Bali bombings terror suspect arrested
One of Indonesia's most wanted terrorists, believed to be behind the 2002 Bali bombings which killed 88 Australians, has been arrested on Sumatra.
Zulkarnaen, whose real name is Aris Sumarsono, is the 57-year-old leader of the terror group Jemaah Islamiah.
Police claim he was also involved in the 2003 suicide bombing attack on the JW Marriot Hotel in Jakarta, which killed 12 people.
According to Indonesian police, the fugitive - who has been on the run for 17 years - was arrested late last week during a raid on his house in Sumatra's East Lampung regency.
The Afghan-trained militant is believed to have commanded Jemaah Islamiah's powerful military intelligence operations, and organised the cells of fighters known as Laskar Khos who were responsible for the Kuta bombings.
National police spokesperson Inspector General Argo Yuwono said Zulkarnaen was arrested just days after Indonesia's elite anti-terror squad Densus 88 nabbed the bomb maker Upik Lawangan.
"The special detachment counter-terrorism Densus 88 has arrested a suspected terrorist and criminal named Zulkarnaen and also know as Aris Sumarsono, Daud, Zaena Arifin and Abdulrahman," the Inspector General said.
"He is a fugitive of the 2002 Bali bombing case and was in hiding with the terrorist suspect Upik Lawangan - aka Taufik Bulaga. Zulkarnaen was the commander of the Jemaah Islamiah army when the first Bali bombing attack took place in 2002. He created a special task force for the Bali bombing," General Yuwono said.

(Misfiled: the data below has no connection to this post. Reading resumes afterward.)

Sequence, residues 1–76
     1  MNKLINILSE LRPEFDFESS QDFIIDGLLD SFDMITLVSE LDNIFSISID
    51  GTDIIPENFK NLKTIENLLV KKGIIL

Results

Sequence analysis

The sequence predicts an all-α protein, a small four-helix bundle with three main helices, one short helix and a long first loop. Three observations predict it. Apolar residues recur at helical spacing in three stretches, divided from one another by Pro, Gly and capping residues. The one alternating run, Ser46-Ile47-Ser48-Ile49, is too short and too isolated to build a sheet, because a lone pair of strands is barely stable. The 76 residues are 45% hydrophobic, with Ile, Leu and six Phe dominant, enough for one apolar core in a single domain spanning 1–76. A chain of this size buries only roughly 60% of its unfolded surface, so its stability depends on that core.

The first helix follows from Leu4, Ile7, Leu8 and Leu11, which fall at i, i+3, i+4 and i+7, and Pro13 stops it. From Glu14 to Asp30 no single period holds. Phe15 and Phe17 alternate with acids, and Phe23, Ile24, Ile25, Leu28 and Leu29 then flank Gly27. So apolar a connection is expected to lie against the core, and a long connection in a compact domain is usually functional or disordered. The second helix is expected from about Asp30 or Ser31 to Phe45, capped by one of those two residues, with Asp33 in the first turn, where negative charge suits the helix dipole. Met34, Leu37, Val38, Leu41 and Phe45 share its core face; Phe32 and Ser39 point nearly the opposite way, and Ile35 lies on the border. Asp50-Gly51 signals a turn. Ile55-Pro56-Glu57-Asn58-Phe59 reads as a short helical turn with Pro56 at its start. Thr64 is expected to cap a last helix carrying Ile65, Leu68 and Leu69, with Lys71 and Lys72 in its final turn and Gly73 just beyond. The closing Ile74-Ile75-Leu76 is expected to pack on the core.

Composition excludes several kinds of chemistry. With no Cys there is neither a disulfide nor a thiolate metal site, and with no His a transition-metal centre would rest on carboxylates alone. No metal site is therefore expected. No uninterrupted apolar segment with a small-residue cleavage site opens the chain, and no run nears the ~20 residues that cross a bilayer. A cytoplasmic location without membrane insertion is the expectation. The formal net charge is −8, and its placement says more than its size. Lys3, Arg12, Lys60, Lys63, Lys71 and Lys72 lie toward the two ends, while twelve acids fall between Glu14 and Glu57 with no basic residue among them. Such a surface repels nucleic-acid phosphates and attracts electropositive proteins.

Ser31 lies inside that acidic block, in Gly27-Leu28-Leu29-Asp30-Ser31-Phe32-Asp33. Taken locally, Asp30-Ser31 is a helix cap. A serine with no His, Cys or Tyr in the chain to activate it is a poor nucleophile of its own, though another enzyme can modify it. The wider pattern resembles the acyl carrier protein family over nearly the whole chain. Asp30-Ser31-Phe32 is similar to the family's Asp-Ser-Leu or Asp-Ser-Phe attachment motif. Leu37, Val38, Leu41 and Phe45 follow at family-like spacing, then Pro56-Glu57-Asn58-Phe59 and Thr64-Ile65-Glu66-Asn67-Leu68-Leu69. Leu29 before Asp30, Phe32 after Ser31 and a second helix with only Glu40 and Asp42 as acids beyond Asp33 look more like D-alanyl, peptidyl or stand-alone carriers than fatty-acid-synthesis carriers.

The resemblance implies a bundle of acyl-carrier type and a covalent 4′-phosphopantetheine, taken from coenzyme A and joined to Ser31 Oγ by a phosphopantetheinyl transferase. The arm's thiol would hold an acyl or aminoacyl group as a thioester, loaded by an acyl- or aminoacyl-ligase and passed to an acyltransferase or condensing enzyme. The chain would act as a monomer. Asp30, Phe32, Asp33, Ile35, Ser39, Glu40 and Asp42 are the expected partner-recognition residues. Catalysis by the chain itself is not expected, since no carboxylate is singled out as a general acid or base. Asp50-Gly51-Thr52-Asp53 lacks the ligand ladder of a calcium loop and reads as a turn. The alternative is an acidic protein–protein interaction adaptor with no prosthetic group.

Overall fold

Both men are prized assets of Jemaah Islamiah.
Lawangan had been wanted in Indonesia since 2006 for terrorism charges relating to three other bombings and murders in Sulawesi in 2004, a further three attacks 2005, plus two additional bombings in 2006.
It is claimed he was apprenticed to genius Jemaah Islamiah bomb maker Dr Azahari bin Husin - who was known as the Demolition Man - when he allegedly created the Marriott and St Regis explosives.
Azahari was shot by police in 2005 during a shootout at his house where the terrorist hurled grenades at police.
Jemaah Islamiah has strong links with both al-Qaida and the Islamic State and aims to unite Indonesia, Malaysia and the southern Philippines as a combined sovereign Islamic state.
Both men face the death penalty if found guilty of a litany of terrorism charges.
'STILL VERY RAW'
John Croxford, whose wife Donna was killed in the 2002 bombings, said there was a small sense of relief at the news of Zulkarnen's arrest, but nothing could change what he and other families had suffered through for the past 18 years.
"It's still very raw," Mr Croxford told the Herald Sun on Sunday.
"I'm just glad that it's coming to some sort of a head, but it will not take away the fact that we lost our loved ones," he said.
"It will never change that, but we have to learn to move on and live with that."
Donna was among 88 Australians killed in the terrorist bombing, leaving Mr Croxford as the sole carer of their daughter, Breanna, who has a developmental disorder.
Breanna was just four years old when her mother was killed.
Mr Croxford said he planned to return to Bali for the 20 year anniversary in two years time.
"The Balinese are beautiful people,"
"(The arrest) means hopefully these people, who caused such devastation, won't be able to commit further crimes," Mr Croxford said.
Originally published as Bali bombings terror suspect arrested